"Ада Блэкджек: подлинная история выжившей в Арктике"...(4)

Самое пронзительное фото из экспедиции Крауфорда.
Спасённая Ада Блэкджек на борту шхуны "Дональдсон" 19 августа 1923 года.


"...Ada's resourcefulness during her time of complete solitude is nothing short of astounding. She managed to become a crack shot with the rifle, downing birds in flight as well as seals, and though she didn't shoot any polar bears, she managed to frighten off some who were attracted by the smell of the food she had gathered. With Knight gone and no sense of when, or whether, the others would return, Ada finally broke the taboo surrounding Galle's typewriter. Niven gives us a bit more of this typed journal, and Ada's voice rings clear as before:

June 26th. I'm going to take a walk to the smale Island. I saw the Polar bears going in shore from the ice way over west of the camp. It's four oclock now. I write down when I saw them. I don't know what I'm going to do if they come to the camp. Well, God knows.

By this time, of course, the men's families were frantic with worry. Stefansson, who with an air of grandiosity had announced his retirement from Arctic exploration, did what he could to mount a second relief expedition via remote control. He ended up, somewhat against his own better judgment, placing the rescue mission in the hands of Harold Noice, a rather disreputable Stefansson alumnus who held an old grudge against Knight. With funds mostly from private British donors (among them Sir John Franklin's granddaughter), Stefansson dispatched Noice to find a ship and bring a relief party, including Eskimos who were to maintain the imaginary colony he had planned. Noice's departure was held up again to the last moment by Stefansson's delay in wiring funds, but this time luck was with him. Despite the dereliction of the ship's captain, who had to be fired at the pier, Noice managed to guide the ship, the Donaldson, to within visual distance of the shores of Wrangel by late August.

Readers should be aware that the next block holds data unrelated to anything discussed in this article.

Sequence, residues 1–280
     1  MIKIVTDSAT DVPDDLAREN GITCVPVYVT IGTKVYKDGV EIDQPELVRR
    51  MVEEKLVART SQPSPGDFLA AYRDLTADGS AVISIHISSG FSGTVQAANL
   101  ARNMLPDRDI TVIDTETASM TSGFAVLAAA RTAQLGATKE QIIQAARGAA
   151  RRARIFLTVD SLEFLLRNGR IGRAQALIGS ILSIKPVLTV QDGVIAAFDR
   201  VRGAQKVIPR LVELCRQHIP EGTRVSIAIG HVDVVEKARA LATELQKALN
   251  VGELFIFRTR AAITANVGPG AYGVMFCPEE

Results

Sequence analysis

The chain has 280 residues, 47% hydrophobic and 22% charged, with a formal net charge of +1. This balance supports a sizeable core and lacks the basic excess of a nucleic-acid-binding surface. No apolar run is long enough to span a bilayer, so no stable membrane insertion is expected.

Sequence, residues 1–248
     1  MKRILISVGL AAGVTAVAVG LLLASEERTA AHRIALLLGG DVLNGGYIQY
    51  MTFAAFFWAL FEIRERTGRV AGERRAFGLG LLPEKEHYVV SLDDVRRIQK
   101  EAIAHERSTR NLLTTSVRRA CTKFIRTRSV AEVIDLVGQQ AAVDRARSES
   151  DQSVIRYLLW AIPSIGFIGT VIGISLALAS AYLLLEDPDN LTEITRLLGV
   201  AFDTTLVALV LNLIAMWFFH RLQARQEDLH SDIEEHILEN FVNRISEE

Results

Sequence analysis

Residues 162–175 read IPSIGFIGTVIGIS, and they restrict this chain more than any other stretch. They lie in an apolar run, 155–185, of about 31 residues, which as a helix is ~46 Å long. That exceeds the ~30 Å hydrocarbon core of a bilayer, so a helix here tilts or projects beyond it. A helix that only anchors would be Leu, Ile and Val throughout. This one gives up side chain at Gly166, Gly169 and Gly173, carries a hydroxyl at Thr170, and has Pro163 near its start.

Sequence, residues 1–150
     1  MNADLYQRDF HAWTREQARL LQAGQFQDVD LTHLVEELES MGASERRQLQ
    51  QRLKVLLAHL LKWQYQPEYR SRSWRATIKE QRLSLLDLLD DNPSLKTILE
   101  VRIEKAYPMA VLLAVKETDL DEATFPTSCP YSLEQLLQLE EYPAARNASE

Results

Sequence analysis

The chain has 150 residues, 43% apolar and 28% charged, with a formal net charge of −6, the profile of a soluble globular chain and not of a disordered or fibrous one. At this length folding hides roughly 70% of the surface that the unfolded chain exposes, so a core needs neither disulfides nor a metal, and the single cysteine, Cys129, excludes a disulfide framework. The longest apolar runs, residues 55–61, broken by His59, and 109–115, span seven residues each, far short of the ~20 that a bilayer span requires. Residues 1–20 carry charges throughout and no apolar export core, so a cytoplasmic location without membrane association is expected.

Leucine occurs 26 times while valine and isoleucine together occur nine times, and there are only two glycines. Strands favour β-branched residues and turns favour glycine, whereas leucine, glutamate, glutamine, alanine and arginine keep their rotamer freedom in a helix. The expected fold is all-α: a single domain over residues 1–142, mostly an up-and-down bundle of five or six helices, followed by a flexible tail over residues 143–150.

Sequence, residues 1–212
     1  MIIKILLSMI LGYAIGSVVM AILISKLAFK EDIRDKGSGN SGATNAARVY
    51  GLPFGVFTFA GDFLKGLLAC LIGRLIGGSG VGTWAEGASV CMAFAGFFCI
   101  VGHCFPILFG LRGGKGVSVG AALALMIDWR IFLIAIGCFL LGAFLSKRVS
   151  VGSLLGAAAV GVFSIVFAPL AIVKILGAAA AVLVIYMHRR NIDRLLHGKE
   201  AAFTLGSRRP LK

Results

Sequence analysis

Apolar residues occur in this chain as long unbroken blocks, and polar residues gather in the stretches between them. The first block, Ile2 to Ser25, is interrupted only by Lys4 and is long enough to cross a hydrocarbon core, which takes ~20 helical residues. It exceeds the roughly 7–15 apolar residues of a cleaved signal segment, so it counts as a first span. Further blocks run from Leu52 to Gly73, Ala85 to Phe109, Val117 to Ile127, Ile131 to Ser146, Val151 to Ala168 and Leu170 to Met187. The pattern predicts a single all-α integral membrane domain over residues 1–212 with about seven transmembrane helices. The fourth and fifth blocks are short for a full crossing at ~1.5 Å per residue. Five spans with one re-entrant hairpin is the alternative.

At first, Noice could discern no signs of life, save a long- abandoned camp and some scattered debris, among which he found a note in a bottle describing Crawford's claim of the island in the name of King George. Ever cautious lest his ship strike ice or run aground, he continued to search the coastline, and eventually came upon the second camp. Seeing a human figure standing on the beach. Noice quickly ordered an umiak lowered into the water, and was astonished when he found Ada alive and well, with the news that Knight was dead and the others apparently lost in an attempt to reach Nome. "There is nobody here but me," Ada told him, "I am all alone."


The balance of Niven's book recounts the tangled web of publicity, rumor, and circumstance which followed Ada's return, and the news of the presumed death of all the other members of the expedition. Although Ada was nothing but grateful to Noice, and turned over everything on the island to his care (including all the journals), he soon began to doubt her. Reading the accounts of her early homesickness and infatuation with Crawford, he sensed scandal -- scandal which he thought he could turn to opportunity. He defaced Knight's journal, the key source for these events, and removed a number of pages; later, he would accuse Ada of having done it. He turned against Stefansson, rightly blaming him for his role in the men's deaths, but also subtly blackmailing him with threats of dreadful revelations from the journals, which he refused to hand over. Ada, trapped in the public eye of the press, did all she could to disappear.